... by side with the embodied forms of sensuality. Here, in this scene of magical beauty, it seemed to me for a moment that the years had rolled back, that Christianity had still to fight with a living Paganism, and that the battle was not yet won. It was the same all through the house; and there were many other matters which filled me with regret, mingled with vague and apprehensive surmises which I shall ...
— The Lost Stradivarius • John Meade Falkner

... 161). Geoffrey's account is circumstantial: King Lucius sent to the Pope asking for instruction in the Christian religion. The Pope sent two teachers (whose names are given), who almost extinguished paganism over the whole island, dedicated the heathen temples to the true God, and substituted three archbishops for the three heathen archflamens at London, York, and Caerleon-on-Usk, and twenty-eight bishops for the twenty-eight heathen flamens. Now all this ...
— Mediaeval Wales - Chiefly in the Twelfth and Thirteenth Centuries: Six Popular Lectures • A. G. Little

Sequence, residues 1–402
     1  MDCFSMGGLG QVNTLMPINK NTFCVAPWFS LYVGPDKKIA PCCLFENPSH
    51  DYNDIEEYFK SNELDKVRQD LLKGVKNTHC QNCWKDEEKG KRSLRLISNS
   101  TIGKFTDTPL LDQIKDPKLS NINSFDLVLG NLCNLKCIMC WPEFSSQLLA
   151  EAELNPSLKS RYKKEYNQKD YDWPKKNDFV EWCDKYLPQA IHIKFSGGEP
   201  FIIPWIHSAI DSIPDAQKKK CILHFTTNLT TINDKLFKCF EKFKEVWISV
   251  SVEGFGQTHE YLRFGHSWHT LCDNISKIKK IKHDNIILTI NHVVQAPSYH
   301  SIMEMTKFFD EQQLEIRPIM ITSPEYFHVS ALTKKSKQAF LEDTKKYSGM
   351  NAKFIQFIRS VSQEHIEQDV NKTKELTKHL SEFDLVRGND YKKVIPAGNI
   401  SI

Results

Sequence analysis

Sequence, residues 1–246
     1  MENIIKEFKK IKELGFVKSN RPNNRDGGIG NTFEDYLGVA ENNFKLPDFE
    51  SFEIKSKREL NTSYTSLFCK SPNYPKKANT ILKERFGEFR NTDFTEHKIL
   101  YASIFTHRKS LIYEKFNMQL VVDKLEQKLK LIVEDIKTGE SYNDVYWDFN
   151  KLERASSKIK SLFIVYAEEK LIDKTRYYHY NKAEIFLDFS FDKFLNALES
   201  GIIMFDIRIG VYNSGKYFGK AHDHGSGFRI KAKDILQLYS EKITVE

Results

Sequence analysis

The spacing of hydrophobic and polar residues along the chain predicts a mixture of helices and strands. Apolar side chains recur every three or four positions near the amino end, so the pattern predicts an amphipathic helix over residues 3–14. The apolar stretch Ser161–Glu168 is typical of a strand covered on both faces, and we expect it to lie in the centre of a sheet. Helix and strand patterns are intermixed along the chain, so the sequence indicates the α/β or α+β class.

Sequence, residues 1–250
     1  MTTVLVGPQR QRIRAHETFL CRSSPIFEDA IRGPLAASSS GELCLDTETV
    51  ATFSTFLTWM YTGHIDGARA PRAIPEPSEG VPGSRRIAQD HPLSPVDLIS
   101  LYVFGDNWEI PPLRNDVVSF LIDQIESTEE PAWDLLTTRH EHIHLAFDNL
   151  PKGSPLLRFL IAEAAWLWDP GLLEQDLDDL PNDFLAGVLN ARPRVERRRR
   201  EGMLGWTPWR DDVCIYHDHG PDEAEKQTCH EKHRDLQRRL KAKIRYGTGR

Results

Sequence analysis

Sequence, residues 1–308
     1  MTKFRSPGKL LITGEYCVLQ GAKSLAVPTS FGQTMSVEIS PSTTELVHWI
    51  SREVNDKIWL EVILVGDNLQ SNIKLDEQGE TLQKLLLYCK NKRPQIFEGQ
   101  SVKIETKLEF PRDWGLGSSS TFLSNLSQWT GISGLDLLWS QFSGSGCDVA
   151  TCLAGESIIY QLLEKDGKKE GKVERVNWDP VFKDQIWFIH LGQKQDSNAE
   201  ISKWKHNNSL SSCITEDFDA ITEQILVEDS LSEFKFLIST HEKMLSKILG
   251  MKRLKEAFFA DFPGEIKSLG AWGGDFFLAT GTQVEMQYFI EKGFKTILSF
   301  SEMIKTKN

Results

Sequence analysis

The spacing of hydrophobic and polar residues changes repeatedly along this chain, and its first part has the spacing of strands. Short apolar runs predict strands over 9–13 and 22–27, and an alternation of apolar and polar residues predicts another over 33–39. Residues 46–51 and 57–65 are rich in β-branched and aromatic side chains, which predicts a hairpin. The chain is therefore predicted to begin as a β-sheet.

... central districts, the Kizilbashes of Kabul and the Turis of the Kurram border, nor is there between them that bitterness of sectarian animosity which is so marked a feature in India. The Kafirs of the mountainous region of Kafiristan alone are non-Mahommedan. They are sunk in a paganism which seems to embrace some faint reflexion of Greek mythology, Zoroastrian principles and the tenets of Buddhism, originally gathered, no doubt, from the varied elements of their mixed extraction. Those contiguous Afghan tribes, who have not so long ...
— Project Gutenberg Encyclopedia

... be chief custodian over the stores of precious books at Alexandria. These libraries, we may recall, were the ones Julius Caesar partially burned by accident a century later, and Bishop Theophilus and his mob of Christian zealots finished destroying as repositories of paganism some three centuries later still. The collections said to have been destroyed by Caliph Omar when Amru took Alexandria in 640 A.D., on the ground that if they agreed with the Koran they were superfluous and ...
— Library of the World's Best Literature, Ancient and Modern, Vol. 7 • Various